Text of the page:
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Bruce Mohl Editor, CommonWealth

Bruce Mohl is the editor of CommonWealth magazine. Bruce came to CommonWealth from the Boston Globe, where he spent nearly 30 years in a wide variety of positions covering business and politics. He covered the Massachusetts State House and served as the Globe’s State House bureau chief in the late 1980s. He also reported for the Globe’s Spotlight Team, winning a Loeb award in 1992 for coverage of conflicts of interest in the state’s pension system. He served as the Globe’s political editor in 1994 and went on to cover consumer issues for the newspaper. At CommonWealth, Bruce helped launch the magazine’s website and has written about a wide range of issues with a special focus on politics, tax policy, energy, and gambling. Bruce is a graduate of Ohio Wesleyan University and the Fletcher School of Law and Diplomacy at Tufts University. He lives in Dorchester.

ARTICLES By Bruce Mohl

CommonWealth’s Winter 2018 issue is out!

Politics, Ideas, and Civic Life in Massachusetts

Apps are wild in CommonWealth’s winter issue, which is in the mail and up on our website today. The apps we’re writing about are Airbnb, Uber, and Lyft – all of them popular with the public but creating headaches for policymakers who are slowly – and warily – grappling with their fallout. Jack Sullivan writes about Airbnb, an

T notes: Bus lanes do save time

Big changes may be coming on the Green Line

MBTA OFFICIALS ON MONDAY said initial results from two experiments in Boston and Somerville showed dedicated bus lanes could dramatically cut route times. Jeffrey Gonneville, the T’s deputy general manager, said a one-day test on December 12 of a dedicated bus lane on Washington Street between Roslindale Square and the Forest Hills T station showed travel

Editor’s note: Tang vs. Kerr

How much editorial license should opinion writers be given?

HERE AT COMMONWEALTH we are great believers in open debate; that’s why we run so many opinion pieces. But sometimes the debate becomes so spirited that people want us to step in and become referees. One such instance was the recent back and forth between Jessica Tang, the president of the Boston Teachers Union, and Liam Kerr,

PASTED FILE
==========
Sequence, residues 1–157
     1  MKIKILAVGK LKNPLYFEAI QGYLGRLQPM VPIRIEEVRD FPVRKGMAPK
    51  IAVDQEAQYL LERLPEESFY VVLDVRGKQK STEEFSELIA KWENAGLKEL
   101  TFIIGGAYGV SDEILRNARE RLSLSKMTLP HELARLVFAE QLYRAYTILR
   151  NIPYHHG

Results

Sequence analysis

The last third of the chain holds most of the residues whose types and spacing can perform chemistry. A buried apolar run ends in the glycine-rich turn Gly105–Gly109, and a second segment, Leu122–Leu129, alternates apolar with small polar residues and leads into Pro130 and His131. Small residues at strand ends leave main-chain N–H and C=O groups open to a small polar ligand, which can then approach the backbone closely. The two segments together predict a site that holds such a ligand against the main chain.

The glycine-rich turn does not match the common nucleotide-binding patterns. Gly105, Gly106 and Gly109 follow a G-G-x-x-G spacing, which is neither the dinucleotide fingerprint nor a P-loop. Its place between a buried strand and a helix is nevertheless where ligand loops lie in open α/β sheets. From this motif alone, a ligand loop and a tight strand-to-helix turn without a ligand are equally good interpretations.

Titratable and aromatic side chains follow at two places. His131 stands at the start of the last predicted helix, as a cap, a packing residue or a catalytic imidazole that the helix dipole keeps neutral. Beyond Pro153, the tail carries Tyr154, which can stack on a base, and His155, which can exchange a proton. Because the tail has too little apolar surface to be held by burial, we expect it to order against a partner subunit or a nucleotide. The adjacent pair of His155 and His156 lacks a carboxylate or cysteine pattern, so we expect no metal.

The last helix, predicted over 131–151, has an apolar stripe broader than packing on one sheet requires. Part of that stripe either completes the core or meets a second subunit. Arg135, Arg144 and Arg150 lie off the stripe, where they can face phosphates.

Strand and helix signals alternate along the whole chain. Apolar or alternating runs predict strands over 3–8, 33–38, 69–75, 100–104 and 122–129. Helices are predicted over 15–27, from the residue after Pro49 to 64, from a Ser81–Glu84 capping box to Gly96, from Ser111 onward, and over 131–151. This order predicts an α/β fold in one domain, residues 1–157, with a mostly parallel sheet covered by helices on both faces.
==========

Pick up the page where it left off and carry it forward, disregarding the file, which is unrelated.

Dempsey pitches higher pot tax

Says lower rate means less money for treatment, beds

THE HOUSE’S TOP BUDGET OFFICIAL on Friday made a pitch for a higher tax rate on recreational marijuana during a press conference unveiling the Legislature’s fiscal 2018 budget proposal. Rep. Brian Dempsey of Haverhill, the chairman of the House Ways and Means Committee, said the 28 percent tax rate proposed in the House pot bill

Report: Inmate levels down but spending keeps rising

At sheriff facilities, it’s one guard for every two prisoners

THE NUMBER OF INMATES in the state’s prisons and jails is going down, but the cost of operating those facilities is going up, largely because correctional institutions are adding more employees and paying their existing workers more, according to a study by MassINC. The study found that the average daily inmate population of state and

Pollack takes issue with N-S Rail Link backers

Says it’s not inconsistent to pursue the link and S. Station expansion

TRANSPORTATION SECRETARY STEPHANIE POLLACK said on Monday that she saw no inconsistency in pushing ahead with a $2 billion plan to expand South Station even as the state is spending $2 million to study the feasibility of building an underground rail link between North and South Stations. Backers of the so-called North-South Rail Link, including

CommonWealth’s Spring 2017 issue is out!

Politics, Ideas & Civic Life in Massachusetts

Our Spring 2017 print issue has you covered. We’ve got stories on invasions, interesting people, politics, education, health policy, and even sports. I’ll give you a quick rundown below, and you can also listen to a Codcast of the CW staff discussing the issue. Don’t wait for the mail,  all of the stories in the issue are

Political humor can be fun – and healthy

Healey nearly choked on one 'mean tweet'

A LITTLE LAUGHTER goes a long way in politics. Donald Trump should keep that in mind as he takes over at the White House. Someone in his position needs a sense of humor, an ability to laugh and be laughed at. But so far Trump doesn’t get it. Al Franken, the former Saturday Night Live

Senate going on the road again

Transportation will be a focus of Commonwealth Conversations

THE MASSACHUSETTS SENATE IS GOING on the road again this year, holding nine so-called Commonwealth Conversations around the state with a special focus on regional transportation needs. The day-long events will for the second year in a row allow senators to hear directly from people in each region of the state, but one common focus

CommonWealth’s Winter 2017 issue is out!

In CommonWealth’s Winter 2017 issue, we introduce you to Steve Kadish, the governor’s chief of staff. Kadish isn’t the hard-charging political strategist usually associated with that position. He’s an operations guy, the head of an internal SWAT team whose last name has become a verb inside the administration. As Jay Ash, the secretary of housing and

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